- Zambian financial markets reopen today having been closed on account of the Youth Day public holiday on Friday.
- Prior to the holiday, Zambia and Angola on Thursday signed a communique of action plan aimed at strengthening bilateral cooperation in the agricultural sector. According to Zambia’s Minister of Agriculture Michael Katambo, the agreement will also provide the exploitation of various opportunities such as crop production, agriculture research and development as well as seed production among others.
- Meanwhile, Zambia is reportedly on the lookout for further deals as it prepares to complete its acquisition of a majority stake in Glencore. According to the ZCCM Investment Holdings Chairman Mabvuto Chipata, the company would consider any opportunities to increase the mi-nority shareholdings it owns in Zambia-based companies. Chipata was quoted as saying “we need to make sure we have participation in the mining sector, which controls the larger part of this economy”. On the acquisition of Mopani, Chipata noted that the elections were not a fac-tor and its decision was in line with its plan to move away from minority shareholdings.
- On the base metals front, Copper prices are at a two-week high this morning driven by strong data out of China and renewed supply concerns. China’s Industrial Output grew by some 35.1% in the Jan-Feb y/y measurement period exceeding the 30% pencilled in by economists in the Reuters poll. This suggests that there is going to be a strong rebound in the first quarter of 2021 and makes the official government GDP growth target of 6% in 2021 seem like a done deal.
- On the supply side, the global trading firm Trafigura stated that they see a significant supply deficit in the copper market and a prolonged high price cycle. According to Reuters -The Chief Executive Jeremy Weir was quoted as saying “We see a significant deficit, possibly in the region of 10 million tonnes of additional copper is required to balance the market by 2030,” at the Fastmarkets Copper seminar. Weir said China would remain a key driver of demand but the decarbonisation goals of the European Union and the new U.S. administration mean a lot more copper will be needed to meet their new infrastructure and electrical grid needs.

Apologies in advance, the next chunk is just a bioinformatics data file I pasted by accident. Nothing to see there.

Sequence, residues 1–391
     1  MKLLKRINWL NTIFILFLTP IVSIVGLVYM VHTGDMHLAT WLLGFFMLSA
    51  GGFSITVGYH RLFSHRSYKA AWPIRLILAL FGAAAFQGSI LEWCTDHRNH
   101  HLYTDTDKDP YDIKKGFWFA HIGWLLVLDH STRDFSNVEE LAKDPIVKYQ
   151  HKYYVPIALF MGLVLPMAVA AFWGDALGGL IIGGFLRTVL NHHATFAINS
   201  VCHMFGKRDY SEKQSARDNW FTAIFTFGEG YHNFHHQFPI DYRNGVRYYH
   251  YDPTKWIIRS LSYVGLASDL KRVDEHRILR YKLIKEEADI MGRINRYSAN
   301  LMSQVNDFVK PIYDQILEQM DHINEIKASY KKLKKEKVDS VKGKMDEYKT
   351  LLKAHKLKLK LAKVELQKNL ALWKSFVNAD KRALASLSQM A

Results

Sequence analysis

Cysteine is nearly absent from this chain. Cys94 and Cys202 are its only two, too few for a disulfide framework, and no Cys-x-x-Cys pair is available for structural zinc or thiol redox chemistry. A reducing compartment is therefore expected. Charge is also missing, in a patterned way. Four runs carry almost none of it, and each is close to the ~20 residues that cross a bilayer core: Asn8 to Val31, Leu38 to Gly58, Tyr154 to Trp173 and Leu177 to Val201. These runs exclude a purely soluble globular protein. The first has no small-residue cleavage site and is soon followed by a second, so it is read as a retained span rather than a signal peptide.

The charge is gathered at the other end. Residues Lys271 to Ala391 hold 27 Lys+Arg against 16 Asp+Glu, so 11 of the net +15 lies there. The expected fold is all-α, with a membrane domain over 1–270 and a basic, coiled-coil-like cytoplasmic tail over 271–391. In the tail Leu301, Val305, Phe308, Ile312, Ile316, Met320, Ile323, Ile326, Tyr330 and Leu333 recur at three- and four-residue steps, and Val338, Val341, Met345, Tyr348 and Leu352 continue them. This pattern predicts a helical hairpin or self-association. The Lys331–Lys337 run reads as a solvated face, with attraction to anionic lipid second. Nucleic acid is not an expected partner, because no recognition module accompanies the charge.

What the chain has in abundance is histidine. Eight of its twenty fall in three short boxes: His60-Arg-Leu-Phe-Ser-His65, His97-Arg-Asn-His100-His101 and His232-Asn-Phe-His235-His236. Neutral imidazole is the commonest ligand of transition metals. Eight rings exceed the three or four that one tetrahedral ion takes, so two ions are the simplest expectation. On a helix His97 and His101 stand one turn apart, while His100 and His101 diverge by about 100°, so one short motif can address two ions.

- On the global front, the main event this week will undoubtedly be the FOMC decision and statement. No change is anticipated; however, the focus will be on the Fed’s expectations for inflation and how it might respond. It is widely accepted that inflation will rise relatively strongly through the middle of the year. The Fed now enjoys a relatively flexible mandate and can afford to look through the spike if it deems it tempo-rary. However, it will need to control the narrative of the inflation debate and ensure that its credibility as an inflation fighter is not damaged. Investors should therefore expect the Fed to start talking about inflation, but to ensure that the market understands that any spike will be temporary. Economic policy will however remain ultra-accommodative for a while to come.
- In other news, the US has crossed a milestone and managed to administer over 100mn doses. This implies that the US is on track to be able to double that by summer which will make a significant difference to the prevalence of the virus. As the vaccination drive gathers momentum, so the authorities will gain the room to open up their economies once more and further ensure that growth is enhanced.
- In the FX markets, US Treasury yields have spiked and in turn given the USD something to cheer about. After slumping in the second half of last week, the USD has found its footing and regained some lost traction. Technically, it is likely to enjoy some support and nudge a little higher through the course of the next few trading sessions, but some caution will naturally be expressed ahead of the FOMC decision that is an-nounced on Wed and the guidance and communication that is offered.
- In the week ahead, a bearish bias is expected to remain entrenched on the Kwacha amid sustained demand for hard currency and scanty in-flows.
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